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Book Review: How People Change

The dust jacket of How People Change is a mirror image of two people; black and white on the left, and in color on the right. When I saw it, I thought about clients I’ve worked with who described the depths of depression as “all the color gone out of the world.” The colors began to return as the depression lessened.

The title also reminded me of the trans-theoretical model of change developed by James Prochaska and his colleagues. Their model describes the spiraling stages that people go through over the course of change.

But how does that change occur, and how does it occur in therapy?

In How People Change, editors Marion Solomon and Daniel J. Siegel sought to examine the question of how people change in the therapeutic relationship.

This book is a part of the Norton professional series on interpersonal neurobiology and is geared to helping clinicians learn and incorporate the latest in scientific research into their practices for helping people change.  You can hear Siegel’s introduction to the book here and his explanation of interpersonal neurobiology here.

This is a fascinating book whose thirteen contributors across eleven chapters talk about how people change in a range of therapies with differing approaches. There are approaches for individuals, for couples, and for group work.

One constant throughout the book is an emphasis on the relationship of those involved in therapy, including the therapist. The work of Allen Shore, Stephen Porges, William James, Donald Winnicott, J. H. Jackson, Hans Selye, and many others are cited and built upon. The approaches vary from psychoanalytic, to psychobiological, to attachment-focused. I found the somatic-based chapters particularly interesting.

“We still don’t understand the origins of mind, but it probably had something to do with groups of brains coming together to form the super-organisms we call tribes… At this current point in evolution, our best guess is that the human brain is a social organ and the mind is a product of many interacting brains,” write Louis Cozolino and Vanessa Davis in their chapter.

Philip Bromberg cites his own work and that of Allan Schore about the “phenomena of and concept of ‘state sharing’ — that is the right-brain to right-brain communication process through which each person’s states of mind are known to the other implicitly.”

In our relationships we have the potential to heal and be healed.

The chapters build upon each other, with the authors giving an overview of both the art and the science of their individual methods. Brain plasticity, epigenetic changes over generations, the role of our mutual emotion regulation, and even defining emotions are all addressed.

The changes that occur for all the persons involved in the therapeutic process and ways to effect change are also addressed. There is a welcome sense of flexibility.

“When presented as dogma, each perspective in psychotherapy is simultaneously right and wrong…Each works, or doesn’t, depending on the client and the quality of the therapeutic relationship,” Cozolino writes.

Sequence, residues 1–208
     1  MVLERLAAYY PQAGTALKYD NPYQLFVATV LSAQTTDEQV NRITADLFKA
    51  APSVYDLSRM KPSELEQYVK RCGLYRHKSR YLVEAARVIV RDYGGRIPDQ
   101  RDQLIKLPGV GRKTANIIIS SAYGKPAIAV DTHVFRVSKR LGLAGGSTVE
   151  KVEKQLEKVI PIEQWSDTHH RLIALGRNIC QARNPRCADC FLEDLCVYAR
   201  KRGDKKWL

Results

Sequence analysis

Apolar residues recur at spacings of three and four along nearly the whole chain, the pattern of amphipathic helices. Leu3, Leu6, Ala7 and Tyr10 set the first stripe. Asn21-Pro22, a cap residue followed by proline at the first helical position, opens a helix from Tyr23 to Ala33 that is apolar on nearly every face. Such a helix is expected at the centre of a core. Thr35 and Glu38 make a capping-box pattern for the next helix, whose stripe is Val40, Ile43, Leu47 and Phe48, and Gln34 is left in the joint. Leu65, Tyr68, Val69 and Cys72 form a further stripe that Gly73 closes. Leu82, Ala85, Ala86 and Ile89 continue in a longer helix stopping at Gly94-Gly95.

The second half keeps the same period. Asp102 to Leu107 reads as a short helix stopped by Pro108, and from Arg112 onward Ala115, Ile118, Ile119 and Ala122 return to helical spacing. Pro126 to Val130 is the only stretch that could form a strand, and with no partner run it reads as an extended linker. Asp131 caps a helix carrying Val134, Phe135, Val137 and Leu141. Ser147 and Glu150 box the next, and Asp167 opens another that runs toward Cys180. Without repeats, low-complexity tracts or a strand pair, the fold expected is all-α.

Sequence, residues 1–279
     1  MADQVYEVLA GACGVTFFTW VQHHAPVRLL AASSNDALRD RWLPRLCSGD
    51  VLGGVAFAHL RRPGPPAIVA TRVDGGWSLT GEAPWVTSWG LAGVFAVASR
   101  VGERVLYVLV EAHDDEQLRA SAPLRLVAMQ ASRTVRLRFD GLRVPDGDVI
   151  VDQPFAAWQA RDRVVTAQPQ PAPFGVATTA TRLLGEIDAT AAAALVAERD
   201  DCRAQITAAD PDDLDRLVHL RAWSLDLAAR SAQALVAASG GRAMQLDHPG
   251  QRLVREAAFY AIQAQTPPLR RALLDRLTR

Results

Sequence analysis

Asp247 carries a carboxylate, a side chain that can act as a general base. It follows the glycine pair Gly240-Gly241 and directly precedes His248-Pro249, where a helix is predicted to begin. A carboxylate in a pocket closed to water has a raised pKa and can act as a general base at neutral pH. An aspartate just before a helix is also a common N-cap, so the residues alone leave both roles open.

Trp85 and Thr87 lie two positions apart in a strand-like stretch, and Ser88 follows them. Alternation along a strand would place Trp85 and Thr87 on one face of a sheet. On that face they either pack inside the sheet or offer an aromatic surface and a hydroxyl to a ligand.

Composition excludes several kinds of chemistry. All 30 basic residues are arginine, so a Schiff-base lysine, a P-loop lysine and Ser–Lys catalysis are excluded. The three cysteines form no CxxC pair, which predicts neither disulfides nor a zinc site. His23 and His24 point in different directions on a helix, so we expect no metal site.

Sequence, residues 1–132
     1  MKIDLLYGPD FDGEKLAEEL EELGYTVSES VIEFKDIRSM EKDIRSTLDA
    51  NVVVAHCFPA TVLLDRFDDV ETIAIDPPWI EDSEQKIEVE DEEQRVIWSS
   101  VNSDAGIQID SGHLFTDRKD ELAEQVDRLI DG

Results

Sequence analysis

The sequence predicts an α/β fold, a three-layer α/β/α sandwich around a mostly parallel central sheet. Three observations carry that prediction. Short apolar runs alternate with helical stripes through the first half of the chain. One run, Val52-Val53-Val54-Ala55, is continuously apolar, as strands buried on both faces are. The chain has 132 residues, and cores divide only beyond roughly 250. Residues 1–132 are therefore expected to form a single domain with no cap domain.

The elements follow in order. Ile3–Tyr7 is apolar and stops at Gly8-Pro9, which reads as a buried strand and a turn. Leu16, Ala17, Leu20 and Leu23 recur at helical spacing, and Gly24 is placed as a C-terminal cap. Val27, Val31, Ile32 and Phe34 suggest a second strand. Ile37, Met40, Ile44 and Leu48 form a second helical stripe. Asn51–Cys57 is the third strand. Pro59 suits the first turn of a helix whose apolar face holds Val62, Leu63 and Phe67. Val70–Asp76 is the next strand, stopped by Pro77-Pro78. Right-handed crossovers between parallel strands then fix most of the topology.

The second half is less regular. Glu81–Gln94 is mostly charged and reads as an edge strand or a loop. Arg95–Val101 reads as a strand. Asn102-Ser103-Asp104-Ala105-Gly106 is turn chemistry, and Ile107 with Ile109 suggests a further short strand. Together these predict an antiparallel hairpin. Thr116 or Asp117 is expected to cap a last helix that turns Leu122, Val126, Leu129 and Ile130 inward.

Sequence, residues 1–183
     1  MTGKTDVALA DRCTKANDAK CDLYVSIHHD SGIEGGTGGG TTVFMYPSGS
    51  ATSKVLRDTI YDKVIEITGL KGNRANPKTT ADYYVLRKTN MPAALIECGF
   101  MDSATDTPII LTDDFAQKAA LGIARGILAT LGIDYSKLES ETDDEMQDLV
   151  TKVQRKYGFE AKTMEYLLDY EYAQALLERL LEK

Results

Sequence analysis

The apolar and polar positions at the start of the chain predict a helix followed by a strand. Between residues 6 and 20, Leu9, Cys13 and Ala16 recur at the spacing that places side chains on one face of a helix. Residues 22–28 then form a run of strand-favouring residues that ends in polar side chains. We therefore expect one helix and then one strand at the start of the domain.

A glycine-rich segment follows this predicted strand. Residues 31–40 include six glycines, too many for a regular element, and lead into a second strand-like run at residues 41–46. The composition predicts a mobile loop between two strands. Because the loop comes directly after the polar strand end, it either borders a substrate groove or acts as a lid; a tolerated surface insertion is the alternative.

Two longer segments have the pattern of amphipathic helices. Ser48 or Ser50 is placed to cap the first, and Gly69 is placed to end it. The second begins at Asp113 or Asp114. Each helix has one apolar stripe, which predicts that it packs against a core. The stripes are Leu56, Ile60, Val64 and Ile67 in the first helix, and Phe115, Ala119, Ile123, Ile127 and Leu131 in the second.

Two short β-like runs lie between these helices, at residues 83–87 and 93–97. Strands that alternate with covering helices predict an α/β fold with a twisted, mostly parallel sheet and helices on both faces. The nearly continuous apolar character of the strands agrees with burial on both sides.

This is an excellent book not only for therapists, but also for those who study the philosophy of mind, for those looking at policy in societal change, insurance companies, and those who teach and practice body work such as yoga, tai chi, qigong, dance therapy, and more.

Pat Ogden’s chapter “Beyond Words,” and Peter Levine’s chapter “Emotion, the Body, and Change” are very enlightening, particularly if you have been focused inside your head and in the world of words. We are communicating to ourselves and to the world constantly, and mostly nonverbally.

I thought about the work of Wampold and Imel (2005) as I read this. In this age of forcing specific evidence-based practices in therapy, it has been refreshing to read the different ways that extremely competent therapists work and in a variety of ways. The common factors underlie the effectiveness of how people change.

This book supports the importance of paying attention to the therapeutic relationship, to what clients want, and their own theory of how change occurs for them (and your ability to work with that). This book is well worth your time. I continue to refer to it.

How People Change: Relationships and Neuroplasticity in Psychotherapy

Edited By Marion Solomon and Daniel Siegel

W. Norton and Company

320 Pages


Book Review: How People Change

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Stan Rockwell, PsyD

Stan Rockwell, PsyD, LPC has been working in the mental health field for over 40 years. He has worked as a therapist at a state hospital, a community mental health center and has been in private practice since 2009. He has also worked in disaster mental health, crisis intervention, as a client rights investigator and advocate, training and research, and graduate student supervision. He is a past chair of professional development for the Virginia Counselors Association. He has been a volunteer field tester for the World Health Organization in the development of the ICD 11 since 2013 and has been reviewing books for since 2012. He also teaches a class at the College of William and Mary that combines taijiquan and qigong with science and Chinese philosophy. He uses eastern and western methods in his counseling psychology practice. You can find him online at and

APA Reference
Rockwell, S. (2017). Book Review: How People Change. Psych Central. Retrieved on October 30, 2020, from
Scientifically Reviewed
Last updated: 1 Dec 2017
Last reviewed: By a member of our scientific advisory board on 1 Dec 2017
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